Capital gains tax dies in Olympia, B&O increases passed
The Washington State Legislature ended its 105-day session on Sunday, passing a $52.4 billion budget, with $800 million coming from a handful of new taxes.
Those taxes — spread across multiple bills — will fund things like special education, mental health, and more. Not included in the state’s budget was a previously-proposed — and controversial — capital gains tax.
The tax measures that did get passed include a raise on the business and occupation tax on larger banks, and a change to the state’s real estate excise tax.
With the passage of one bill, the B&O tax on 22 of the world’s largest financial institutions is nearly doubled. That caused controversy on both sides of the aisle, largely because the idea — and the bill — didn’t surface until Friday morning.
That led to significant pushback from Republicans and a handful of Democrats, including Democratic Sen. Steve Hobbs.
“To bypass a policy committee, you don’t do that,” he said. “It’s just not right.”
But fellow Democratic Sen. Christine Rolfes — who chairs the budget committee — made it clear that this was about leveling the playing field.
“Just six of these banks generated more than $120 billion in profit [last year],” she said. “Washington’s tax structure is literally the most unfair in the nation. This is a small increase on the world’s most profitable companies, and it will help fix our broken system.”
That bill squeaked by on just a single vote.
Another tax bill hikes the B&O tax on companies like Amazon and Microsoft to create a dedicated higher education fund. That fund would make public college or apprenticeships free for families making under $50,000 a year, with partial scholarships for families earning up to the state’s median income.
“This is a huge investment in making college and apprenticeship affordable,” said Democratic Rep. Drew Hansen.
Essentially, it’s a targeted tax increase on the industries that need these types of skilled workers most, with big tech companies like Amazon and Microsoft paying the highest rates.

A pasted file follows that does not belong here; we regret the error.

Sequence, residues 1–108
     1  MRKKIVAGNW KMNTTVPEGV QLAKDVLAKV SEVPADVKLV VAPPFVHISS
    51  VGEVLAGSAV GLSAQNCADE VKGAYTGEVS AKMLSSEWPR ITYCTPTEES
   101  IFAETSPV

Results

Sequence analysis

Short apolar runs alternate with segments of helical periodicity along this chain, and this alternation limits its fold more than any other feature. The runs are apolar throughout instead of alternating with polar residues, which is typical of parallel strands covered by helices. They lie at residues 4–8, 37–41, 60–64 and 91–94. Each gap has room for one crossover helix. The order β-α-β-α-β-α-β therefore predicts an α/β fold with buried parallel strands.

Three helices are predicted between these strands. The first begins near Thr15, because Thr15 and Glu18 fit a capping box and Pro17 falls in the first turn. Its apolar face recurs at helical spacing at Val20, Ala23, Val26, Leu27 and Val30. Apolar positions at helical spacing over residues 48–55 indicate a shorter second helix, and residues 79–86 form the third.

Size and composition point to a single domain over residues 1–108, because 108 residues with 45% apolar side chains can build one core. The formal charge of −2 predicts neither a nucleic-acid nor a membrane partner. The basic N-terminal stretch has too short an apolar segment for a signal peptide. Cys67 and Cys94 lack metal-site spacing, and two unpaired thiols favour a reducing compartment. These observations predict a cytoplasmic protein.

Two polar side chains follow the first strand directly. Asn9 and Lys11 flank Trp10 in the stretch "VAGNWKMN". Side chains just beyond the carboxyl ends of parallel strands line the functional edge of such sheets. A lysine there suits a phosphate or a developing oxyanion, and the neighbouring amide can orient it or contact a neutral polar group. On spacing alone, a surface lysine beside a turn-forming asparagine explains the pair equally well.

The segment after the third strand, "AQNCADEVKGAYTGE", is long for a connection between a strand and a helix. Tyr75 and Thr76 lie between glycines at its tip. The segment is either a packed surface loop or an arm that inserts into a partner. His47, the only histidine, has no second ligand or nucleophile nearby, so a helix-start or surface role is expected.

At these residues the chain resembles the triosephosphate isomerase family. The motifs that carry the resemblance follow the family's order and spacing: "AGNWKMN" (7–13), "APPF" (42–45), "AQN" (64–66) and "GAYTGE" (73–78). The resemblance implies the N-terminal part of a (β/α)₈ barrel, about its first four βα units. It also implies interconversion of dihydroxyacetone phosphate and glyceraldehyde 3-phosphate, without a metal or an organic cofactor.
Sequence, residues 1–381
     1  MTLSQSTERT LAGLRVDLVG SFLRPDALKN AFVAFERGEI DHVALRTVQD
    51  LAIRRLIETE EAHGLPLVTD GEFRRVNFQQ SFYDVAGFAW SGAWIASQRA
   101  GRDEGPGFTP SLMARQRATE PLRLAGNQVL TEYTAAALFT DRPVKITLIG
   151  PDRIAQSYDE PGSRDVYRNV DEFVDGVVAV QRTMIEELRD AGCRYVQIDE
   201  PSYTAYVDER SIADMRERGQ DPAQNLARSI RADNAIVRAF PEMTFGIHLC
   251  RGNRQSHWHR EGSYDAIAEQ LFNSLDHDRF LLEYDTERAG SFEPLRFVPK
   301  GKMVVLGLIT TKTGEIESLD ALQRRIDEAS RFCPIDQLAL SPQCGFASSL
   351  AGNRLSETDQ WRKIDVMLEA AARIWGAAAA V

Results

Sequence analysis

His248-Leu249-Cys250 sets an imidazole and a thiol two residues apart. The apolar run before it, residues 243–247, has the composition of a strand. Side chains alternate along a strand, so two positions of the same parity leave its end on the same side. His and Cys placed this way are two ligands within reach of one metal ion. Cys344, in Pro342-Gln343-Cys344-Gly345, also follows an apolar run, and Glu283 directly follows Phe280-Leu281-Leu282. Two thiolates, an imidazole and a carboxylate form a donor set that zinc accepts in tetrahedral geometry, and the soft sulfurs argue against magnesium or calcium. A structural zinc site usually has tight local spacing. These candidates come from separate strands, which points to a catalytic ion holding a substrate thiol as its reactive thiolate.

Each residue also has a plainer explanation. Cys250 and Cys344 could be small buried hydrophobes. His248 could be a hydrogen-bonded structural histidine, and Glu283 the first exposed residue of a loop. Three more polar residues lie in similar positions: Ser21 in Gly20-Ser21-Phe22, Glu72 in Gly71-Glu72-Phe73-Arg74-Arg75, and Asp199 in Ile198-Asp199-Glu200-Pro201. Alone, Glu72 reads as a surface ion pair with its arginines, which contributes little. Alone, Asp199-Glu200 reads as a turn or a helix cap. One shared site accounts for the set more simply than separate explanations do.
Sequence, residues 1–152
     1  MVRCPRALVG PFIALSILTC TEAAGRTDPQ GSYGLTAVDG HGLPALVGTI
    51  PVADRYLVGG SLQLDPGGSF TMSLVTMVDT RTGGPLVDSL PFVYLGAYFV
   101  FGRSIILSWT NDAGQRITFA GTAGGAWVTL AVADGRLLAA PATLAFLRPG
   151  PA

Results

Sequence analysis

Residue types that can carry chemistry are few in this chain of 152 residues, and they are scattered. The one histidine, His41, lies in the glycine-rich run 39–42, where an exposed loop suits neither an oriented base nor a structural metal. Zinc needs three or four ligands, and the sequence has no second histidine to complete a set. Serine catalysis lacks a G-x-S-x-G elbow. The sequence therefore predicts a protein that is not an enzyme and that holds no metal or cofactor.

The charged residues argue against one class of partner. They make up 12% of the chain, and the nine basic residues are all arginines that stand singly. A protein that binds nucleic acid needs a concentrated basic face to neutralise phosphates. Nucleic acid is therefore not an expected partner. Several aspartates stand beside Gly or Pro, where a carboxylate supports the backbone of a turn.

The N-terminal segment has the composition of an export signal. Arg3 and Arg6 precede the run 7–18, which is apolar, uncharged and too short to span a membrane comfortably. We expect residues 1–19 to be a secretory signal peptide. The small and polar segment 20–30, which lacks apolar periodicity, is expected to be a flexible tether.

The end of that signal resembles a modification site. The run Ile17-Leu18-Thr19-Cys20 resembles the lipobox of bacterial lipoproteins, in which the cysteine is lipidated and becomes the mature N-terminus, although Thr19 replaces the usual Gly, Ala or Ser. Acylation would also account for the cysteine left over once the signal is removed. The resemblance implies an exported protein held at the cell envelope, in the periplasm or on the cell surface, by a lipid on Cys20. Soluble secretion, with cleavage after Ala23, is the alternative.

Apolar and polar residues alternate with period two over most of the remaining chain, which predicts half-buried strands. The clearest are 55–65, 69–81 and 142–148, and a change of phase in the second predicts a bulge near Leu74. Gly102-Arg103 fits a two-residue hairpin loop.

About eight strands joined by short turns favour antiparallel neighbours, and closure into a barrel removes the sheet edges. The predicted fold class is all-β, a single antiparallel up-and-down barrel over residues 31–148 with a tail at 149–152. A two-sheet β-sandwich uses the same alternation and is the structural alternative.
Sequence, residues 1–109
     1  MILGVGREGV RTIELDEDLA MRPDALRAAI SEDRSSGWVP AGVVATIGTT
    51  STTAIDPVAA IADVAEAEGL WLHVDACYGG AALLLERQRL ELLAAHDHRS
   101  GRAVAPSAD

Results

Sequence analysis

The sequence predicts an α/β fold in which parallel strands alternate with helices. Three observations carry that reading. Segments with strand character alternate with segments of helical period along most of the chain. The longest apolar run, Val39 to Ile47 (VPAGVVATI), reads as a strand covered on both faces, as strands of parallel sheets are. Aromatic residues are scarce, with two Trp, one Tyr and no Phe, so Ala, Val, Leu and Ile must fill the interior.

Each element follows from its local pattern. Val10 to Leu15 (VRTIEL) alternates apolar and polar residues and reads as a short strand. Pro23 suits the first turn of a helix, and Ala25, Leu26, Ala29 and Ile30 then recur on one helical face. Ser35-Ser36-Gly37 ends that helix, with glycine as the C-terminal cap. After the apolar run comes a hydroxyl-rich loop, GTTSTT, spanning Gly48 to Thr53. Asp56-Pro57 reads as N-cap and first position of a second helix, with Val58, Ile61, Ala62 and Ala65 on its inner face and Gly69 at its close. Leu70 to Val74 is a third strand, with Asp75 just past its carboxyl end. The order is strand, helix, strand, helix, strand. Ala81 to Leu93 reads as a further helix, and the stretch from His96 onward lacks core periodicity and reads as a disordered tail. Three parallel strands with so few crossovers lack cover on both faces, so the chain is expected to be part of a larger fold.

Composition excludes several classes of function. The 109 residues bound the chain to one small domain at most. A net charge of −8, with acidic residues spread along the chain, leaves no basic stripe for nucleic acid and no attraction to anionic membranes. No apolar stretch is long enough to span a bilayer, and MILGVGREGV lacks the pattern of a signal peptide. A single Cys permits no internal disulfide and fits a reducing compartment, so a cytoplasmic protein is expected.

Pushback on this measure came from small businesses, independent doctors, and others who said this would hurt their bottom line.
Rep. Hansen noted, though, that the most sizable increases will strictly be for larger businesses like Amazon and Microsoft.
A fix for the McCleary fix
School districts pleaded for it, and the Legislature listened, approving a plan that allows districts to ask local voters for more tax dollars to supplement their budgets.
A property tax levy cap came with the McCleary fix, leaving most districts in the state struggling, and forced to plan for sizable layoffs.
A deal passed by the Legislature Sunday night softens those limits, and includes more oversight to ensure that levy money is spent on enhancement programs, not just basic education.
Sen. Rolfes called the measure a win.
“We’re building a really solid foundation for the young people of our state,” she said.
Republicans like Sen. John Braun disagreed, arguing that it rolls back many of the key protections originally included in the McCleary fix.
“This is very clearly going to lead to tax inequity, funding inequity, and I think that will all lead to education inequity,” said Sen. Braun.
Democrats stressed that the plan includes state money to help property-poor districts, that can’t raise as much in levy dollars to keep things balanced.
Ultimately, the bill had the support of the state schools superintendent, Chris Reydal.